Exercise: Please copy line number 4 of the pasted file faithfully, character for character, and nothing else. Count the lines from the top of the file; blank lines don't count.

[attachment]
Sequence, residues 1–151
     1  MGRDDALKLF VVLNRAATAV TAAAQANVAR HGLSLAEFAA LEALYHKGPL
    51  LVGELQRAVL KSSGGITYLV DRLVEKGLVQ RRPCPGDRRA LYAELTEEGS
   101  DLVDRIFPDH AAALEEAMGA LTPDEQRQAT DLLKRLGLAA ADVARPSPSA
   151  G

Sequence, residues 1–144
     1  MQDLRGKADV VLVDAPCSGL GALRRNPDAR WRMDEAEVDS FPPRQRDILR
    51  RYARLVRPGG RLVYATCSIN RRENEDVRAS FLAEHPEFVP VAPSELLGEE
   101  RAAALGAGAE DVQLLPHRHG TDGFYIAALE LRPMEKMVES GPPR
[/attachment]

   101  DLVDRIFPDH AAALEEAMGA LTPDEQRQAT DLLKRLGLAA ADVARPSPSA